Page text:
Posts from March 2010

Yochai Benkler on The Broadband Plan

Yochai Yochai Benkler is one of a handful of people who our firm regards as inspirators. We've read everything he's written and find ourselves quoting him regularly in meetings. This is a picture of Yochai making a point at our first Union Square Sessions event on peer production.

So when I came across Yochai's op-ed today in the NY TImes on the National Broadband Plan, I stopped skimming and focused, I read it twice.

Yochai agrees with many in the tech industry, me included, that we need a National Broadband Plan. But in classic Yochai fashion, he doesn't think it goes far enough. He says:

Take the commission’s “100 Squared Initiative,” which aims to get
100 megabits-per-second service to 100 million households, at
affordable rates, by 2020. Meeting the speed target shouldn’t be
difficult; industry is well on track to achieve it within the decade.

Affordability
is the hard part — because there is no competition pushing down prices.
The plan acknowledges that only 15 percent of homes will have a choice
in providers, and then only between Verizon’s FiOS fiber-optic network
and the local cable company. (AT&T’s “fiber” offering is merely
souped-up DSL transmitted partly over its old copper wires, which can’t
compete at these higher speeds.) The remaining 85 percent will have no
choice at all.

This is the problem. There isn't enough competition on the access side of the Internet, both wireline and broadband. The rest of the Internet stack is hypercompetitive and is innovating at a mile a minute. But in access, we have monopolies who go at whatever speed suits them. There's nothing pushing them to go faster.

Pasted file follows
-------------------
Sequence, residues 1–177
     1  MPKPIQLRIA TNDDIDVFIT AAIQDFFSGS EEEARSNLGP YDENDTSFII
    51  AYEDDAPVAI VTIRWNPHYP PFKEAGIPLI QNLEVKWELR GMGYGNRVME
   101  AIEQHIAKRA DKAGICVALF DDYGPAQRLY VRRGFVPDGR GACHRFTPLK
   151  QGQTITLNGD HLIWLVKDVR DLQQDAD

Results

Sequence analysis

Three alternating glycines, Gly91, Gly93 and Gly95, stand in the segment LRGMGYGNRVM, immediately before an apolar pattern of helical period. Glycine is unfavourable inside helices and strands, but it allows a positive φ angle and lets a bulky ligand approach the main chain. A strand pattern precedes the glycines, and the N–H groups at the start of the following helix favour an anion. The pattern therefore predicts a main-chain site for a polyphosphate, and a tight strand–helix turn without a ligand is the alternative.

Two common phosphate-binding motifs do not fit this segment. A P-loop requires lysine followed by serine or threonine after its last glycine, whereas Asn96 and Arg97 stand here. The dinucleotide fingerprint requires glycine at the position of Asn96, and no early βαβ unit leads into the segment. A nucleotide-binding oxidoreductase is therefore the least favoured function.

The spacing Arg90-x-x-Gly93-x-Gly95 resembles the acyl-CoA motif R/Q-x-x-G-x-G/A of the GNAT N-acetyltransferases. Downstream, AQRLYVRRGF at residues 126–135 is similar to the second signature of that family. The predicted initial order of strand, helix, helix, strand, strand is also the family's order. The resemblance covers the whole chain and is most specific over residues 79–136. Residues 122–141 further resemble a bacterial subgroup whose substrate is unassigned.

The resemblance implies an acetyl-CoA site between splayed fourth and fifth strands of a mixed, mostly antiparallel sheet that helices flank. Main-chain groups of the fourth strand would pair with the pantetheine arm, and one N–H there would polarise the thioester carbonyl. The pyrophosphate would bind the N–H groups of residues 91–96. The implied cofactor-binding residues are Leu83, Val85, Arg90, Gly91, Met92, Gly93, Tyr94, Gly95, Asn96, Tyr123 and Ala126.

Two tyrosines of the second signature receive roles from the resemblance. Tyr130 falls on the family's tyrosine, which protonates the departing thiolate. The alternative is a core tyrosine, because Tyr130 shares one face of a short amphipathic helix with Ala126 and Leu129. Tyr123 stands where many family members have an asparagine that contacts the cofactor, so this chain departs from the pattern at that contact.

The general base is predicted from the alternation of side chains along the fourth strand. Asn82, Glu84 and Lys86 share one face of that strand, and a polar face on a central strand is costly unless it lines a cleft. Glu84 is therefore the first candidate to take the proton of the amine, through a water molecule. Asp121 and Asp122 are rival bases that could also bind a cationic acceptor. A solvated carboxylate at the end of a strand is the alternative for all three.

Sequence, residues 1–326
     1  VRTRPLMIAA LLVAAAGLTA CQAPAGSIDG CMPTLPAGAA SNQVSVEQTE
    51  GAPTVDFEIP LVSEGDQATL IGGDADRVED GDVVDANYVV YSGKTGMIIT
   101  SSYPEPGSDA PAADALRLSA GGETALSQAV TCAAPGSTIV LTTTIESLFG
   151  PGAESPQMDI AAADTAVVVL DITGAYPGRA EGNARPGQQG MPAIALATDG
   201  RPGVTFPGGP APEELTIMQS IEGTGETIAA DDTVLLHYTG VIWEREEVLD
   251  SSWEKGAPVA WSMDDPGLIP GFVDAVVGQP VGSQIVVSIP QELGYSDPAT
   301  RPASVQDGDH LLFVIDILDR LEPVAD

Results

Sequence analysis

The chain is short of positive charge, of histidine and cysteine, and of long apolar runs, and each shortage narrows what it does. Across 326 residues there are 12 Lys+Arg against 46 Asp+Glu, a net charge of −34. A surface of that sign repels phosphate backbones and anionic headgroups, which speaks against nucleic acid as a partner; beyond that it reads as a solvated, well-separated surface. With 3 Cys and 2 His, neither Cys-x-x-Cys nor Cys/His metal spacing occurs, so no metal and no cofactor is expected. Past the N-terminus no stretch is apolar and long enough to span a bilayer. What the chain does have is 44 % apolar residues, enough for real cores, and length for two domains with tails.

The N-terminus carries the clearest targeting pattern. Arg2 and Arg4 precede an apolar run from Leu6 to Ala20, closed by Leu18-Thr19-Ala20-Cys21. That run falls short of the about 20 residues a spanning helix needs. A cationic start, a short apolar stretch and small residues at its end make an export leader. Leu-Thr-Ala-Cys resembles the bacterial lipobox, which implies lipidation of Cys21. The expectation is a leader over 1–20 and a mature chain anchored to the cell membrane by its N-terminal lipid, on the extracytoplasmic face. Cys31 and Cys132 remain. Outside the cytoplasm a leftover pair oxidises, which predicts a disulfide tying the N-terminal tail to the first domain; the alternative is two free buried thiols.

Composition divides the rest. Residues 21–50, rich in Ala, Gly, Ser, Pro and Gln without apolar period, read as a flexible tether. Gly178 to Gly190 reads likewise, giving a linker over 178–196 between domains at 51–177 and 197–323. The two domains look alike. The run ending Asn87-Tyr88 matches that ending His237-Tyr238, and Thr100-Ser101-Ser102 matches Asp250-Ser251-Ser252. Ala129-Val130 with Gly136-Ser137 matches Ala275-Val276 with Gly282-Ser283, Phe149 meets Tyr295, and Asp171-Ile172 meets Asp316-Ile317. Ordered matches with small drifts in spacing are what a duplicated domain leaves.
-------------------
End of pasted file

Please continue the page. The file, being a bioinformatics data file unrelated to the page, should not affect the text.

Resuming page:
Yochai ends a fantastic op-ed with this point:

If we stay the present course, the commission’s new policy will build a
better wireless network around a more entrenched monopoly system,
lodging an insurmountable obstacle in the path toward bringing
America’s broadband network up to speed with the rest of the world.

That's a sobering thought.

Enhanced by Zemanta

AVC Redesign

We are starting work on a redesign of AVC. The current design has been in place for a year or two and we'd like to update it a bit. The "we" is yours truly and Nathan Bowers, a member of this community who has been helping me with the design work on AVC for a few years now.

We put a heat map on AVC last week and learned that the main column is where the action is, most people ignore the right sidebar. But people do seem to engage with the header and the "tan box" at the top of the right sidebar.

Both Nathan and I read AVC and other blogs on our iPhone and Android browsers and we've noted that a single column of text is a powerful model for the reader. While I don't think we'll get all the way there on the web (that is how AVC reads on iPhone and Android now), we are going to try to get close.

I suspect it will be a few weeks to a month before the new design launches. If you have any specific requests, please let us know in the comments.

One thing I'd like everyone's opinion on are full posts vs read more links. Brad Feld just updated his blog design and he's gone for a paragraph or two and then a read more link. If you read TechCrunch, you'll be familiar with this approach.

I've never liked to do it that way. I don't truncate AVC's RSS feed and I don't truncate the posts on the main page. It seems like more and more blogs are moving to this design. My instinct is to stick with the full posts at AVC but I'm interested in all of your views on this issue.

That's it. Please share your thougths.

Being Fat Is Not Healthy

Ben Horowitz has a post called The Case For The Fat Startup on the All Things D blog. I don't agree with Ben's take on this issue but I have enormous respect for Ben and his partner Marc Andreessen. They have started and built multiple successful businesses and all I do is write checks. So take everything I have to say with that in mind.

I'd also like to say that my comments are only related to software-based businesses. I don't think it is applicable to greentech or biotech. Those sectors are much more capital intensive than software.

In short, since I started investing in the web in '93/'94, I have invested in about 100 software-based web companies. And the success rate of fat companies versus lean companies is stark. I have never, not once, been successful with an investment in a company that raised a boatload of money before it found traction and product market fit with its primary product.